Avoid quick rewards

We touched on this when we were looking at the complexity of a task, but it needs to be said again: Stay away from quick, easy tasks during your prime productivity times. Those periods are for meaningful, important projects only, and are not to be wasted with quick wins. This is a temptation that will always creep back in at some level, so always look out for it.

Take breaks

All this talk about using your energy in the smartest way possible might create the impression that you are supposed to be an always working, über efficient productivity machine. Nothing could be further from the truth. The point of energy management is in fact realizing you CAN’T live like this, because your energy is limited. So consequently, breaks are just as important as productivity phases. That’s why we looked at all things energy producing and conserving first! To drive this point home, on average, I sleep, like, ten hours a night. I take a two hour walk every day, oftentimes longer. I celebrate each meal, taking as much time as I want with it. The result: I feel so rested that when I get to work, work just flows and actually becomes an enriching and inspiring experience. That makes you looking forward to your next productivity phase. It also makes you enjoy your next break that much more.

There you have it, a basic gameplan for using your energy in the smartest possible way. All of this is not rocket science, I admit. Many ideas in this article you might have already been at least vaguely aware of. But ask yourself: Do you, every day, play actual attention to these principles while your day goes on? Do you actually APPLY this kind of energy centered thinking to your day? 99% of people don’t. But they still wonder why they don’t get the results they hope for in life while some very few “lucky” people do… It’s not magic. It’s not luck either. It’s living a smarter and as a result more unconventional life by practising these priniciples on a daily basis. So start today!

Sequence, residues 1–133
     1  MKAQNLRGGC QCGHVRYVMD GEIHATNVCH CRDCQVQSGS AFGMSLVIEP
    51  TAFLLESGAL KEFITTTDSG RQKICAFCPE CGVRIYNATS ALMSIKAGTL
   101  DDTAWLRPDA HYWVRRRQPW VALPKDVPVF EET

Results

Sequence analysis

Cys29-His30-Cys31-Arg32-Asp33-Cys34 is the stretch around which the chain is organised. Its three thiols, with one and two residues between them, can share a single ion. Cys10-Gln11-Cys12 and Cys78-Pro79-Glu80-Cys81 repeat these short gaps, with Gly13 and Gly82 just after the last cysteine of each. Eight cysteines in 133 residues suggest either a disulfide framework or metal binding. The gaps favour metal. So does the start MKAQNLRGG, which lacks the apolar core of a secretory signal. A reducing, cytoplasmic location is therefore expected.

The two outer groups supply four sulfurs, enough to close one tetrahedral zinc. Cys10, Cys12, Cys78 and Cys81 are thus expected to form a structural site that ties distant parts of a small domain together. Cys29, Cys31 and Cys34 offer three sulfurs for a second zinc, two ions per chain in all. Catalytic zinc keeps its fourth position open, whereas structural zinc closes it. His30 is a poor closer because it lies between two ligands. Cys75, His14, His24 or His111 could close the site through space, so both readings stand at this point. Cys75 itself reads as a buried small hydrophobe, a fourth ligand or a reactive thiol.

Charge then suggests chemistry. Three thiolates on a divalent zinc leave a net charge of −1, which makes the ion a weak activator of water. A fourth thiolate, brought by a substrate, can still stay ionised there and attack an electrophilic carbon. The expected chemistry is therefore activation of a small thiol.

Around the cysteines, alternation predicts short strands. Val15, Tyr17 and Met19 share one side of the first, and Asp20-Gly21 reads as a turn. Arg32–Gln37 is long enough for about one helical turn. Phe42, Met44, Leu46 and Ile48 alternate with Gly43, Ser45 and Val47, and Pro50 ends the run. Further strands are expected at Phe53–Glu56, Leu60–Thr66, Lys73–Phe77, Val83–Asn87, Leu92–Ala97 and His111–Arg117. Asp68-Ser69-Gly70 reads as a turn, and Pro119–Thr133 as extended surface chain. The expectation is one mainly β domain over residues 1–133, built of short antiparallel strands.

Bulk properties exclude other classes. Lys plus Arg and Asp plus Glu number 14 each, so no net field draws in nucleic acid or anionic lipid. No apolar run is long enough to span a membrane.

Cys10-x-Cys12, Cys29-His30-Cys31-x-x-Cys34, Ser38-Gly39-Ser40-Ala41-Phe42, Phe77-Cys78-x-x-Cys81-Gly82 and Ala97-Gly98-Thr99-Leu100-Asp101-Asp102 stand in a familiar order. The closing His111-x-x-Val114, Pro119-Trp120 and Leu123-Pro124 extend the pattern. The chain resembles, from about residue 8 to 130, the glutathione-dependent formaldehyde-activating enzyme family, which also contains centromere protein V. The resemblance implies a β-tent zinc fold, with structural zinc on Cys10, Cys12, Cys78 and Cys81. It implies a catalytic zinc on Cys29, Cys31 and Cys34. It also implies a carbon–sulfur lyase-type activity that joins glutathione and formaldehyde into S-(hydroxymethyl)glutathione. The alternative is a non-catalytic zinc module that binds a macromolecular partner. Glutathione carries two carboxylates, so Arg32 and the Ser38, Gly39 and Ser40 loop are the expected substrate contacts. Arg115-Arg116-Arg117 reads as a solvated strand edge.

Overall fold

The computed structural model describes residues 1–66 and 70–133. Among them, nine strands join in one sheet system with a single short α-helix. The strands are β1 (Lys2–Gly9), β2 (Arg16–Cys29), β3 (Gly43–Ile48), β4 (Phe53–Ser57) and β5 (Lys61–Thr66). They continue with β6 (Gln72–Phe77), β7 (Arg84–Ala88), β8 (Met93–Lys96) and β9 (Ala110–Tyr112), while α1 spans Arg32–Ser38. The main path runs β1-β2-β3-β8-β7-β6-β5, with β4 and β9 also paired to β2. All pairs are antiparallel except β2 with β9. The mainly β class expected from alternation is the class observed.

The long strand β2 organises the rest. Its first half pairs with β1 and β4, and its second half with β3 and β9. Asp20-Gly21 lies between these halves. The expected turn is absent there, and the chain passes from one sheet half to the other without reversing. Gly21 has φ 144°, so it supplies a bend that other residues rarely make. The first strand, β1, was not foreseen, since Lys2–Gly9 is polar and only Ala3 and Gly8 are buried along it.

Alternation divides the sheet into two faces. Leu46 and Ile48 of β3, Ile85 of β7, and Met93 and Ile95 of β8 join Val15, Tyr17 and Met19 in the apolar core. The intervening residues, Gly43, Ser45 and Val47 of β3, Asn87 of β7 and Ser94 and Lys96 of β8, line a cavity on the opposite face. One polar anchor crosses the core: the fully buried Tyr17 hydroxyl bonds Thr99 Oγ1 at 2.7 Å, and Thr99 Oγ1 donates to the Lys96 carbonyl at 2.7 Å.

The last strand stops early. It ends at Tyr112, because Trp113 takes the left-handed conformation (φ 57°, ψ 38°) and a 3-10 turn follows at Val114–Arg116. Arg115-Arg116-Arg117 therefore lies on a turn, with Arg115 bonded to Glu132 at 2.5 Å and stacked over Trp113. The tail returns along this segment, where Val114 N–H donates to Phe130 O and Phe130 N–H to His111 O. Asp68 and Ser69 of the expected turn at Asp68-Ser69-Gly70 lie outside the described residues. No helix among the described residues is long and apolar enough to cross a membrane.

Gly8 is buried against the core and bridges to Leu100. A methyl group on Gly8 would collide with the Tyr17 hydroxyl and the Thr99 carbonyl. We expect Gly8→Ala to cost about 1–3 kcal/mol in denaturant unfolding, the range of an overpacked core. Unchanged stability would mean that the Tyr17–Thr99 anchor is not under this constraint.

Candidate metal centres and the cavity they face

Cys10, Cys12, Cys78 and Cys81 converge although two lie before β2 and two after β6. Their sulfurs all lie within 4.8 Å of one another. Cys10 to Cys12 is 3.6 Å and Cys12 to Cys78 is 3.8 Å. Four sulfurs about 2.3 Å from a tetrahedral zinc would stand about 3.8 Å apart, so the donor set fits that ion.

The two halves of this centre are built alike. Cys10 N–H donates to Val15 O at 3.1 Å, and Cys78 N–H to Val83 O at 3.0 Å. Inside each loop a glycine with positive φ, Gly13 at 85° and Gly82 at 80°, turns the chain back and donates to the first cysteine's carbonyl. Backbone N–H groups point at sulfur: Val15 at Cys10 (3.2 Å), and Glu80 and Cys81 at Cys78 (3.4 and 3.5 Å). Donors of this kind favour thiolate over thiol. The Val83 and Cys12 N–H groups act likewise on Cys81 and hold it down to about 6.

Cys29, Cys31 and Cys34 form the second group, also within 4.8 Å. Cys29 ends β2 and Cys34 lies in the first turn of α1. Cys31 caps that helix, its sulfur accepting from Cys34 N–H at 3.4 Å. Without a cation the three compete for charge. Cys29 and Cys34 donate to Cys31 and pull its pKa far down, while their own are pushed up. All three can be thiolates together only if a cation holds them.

6 thoughts on “Get Your Energy’s Worth

  1. Avoid quick rewards – this is so true, it is often hard and not motivating to to work on a complex task without an immediate success (such as writing a thesis). I experienced it myself how I really liked to go for other useful but much less important and much easier tasks instead.

    1. I hear you… Avoiding quick rewards and instead going for tasks with longterm benefits is a daily struggle, at least for me. But it’s definitly worth it, not just looking at the REAL results you produce this way but also looking at how you feel at the end of each day. When I make myself go for the longterm benefits, I just feel like I accomplished something, I feel more in balanace, if that makes sense… So I would argue it’s also more rewarding on an emotional level. Thank you for your comments BTW! I really appreciate you taking the time.

  2. One question: Where does the idea about the morning hours being the prime hours come from? Is this some idea championed by super-disciplined early-raisers, the Steve Pavlinas of this world? Or is it really something valid for everybody?

    1. Good question! I was very sceptical about the “do your most important work early on in the day” thing as well. To give you an idea: naturally, I’m a complete night owl, I used to go to bed around 4-5 am for years! But I do have to say: now that I get up pretty early and do nothing but my most important task first, I get a LOT more done… It takes some time getting used to though. I really comes down to energy management, again. The longer you postpone your most important work for that day, the less available energy you will have left to deal with it. Energy simply decreases during the day, for everybody, I think!

  3. Do you know some motivational tricks that help me overcome the fear I experience when confronted with a complex task? (no clear solution, many steps, involves or necessitates the goodwill of other people). Sure, breaking down a complex task into a dozen steps (GTD-style) makes the task feel more manageable. However it also makes the size of the task become even more apparent.

    1. Hm, the best advice I can offer is to look at the facts first: you are dealing with a complex task and it WILL take you a long time to finish it, maybe months or years. And that’s okay, that’s just how long it takes! There are usually no real shortcuts in life, from my experience, you either put in the work or not, and you need to be honest with yourself about that. The motivational aspect is really where habit building comes in: if you make working on your complex task a DAILY habit, you will eventually stop worrying about it, because you know, things are running their course and you are on track. From there on, it’s mostly about accumulating the necessary hours. So, in conclusion: be a realist, define outcomes/goals and the necessary steps and then, most importantly, establish the necessary DAILY habits.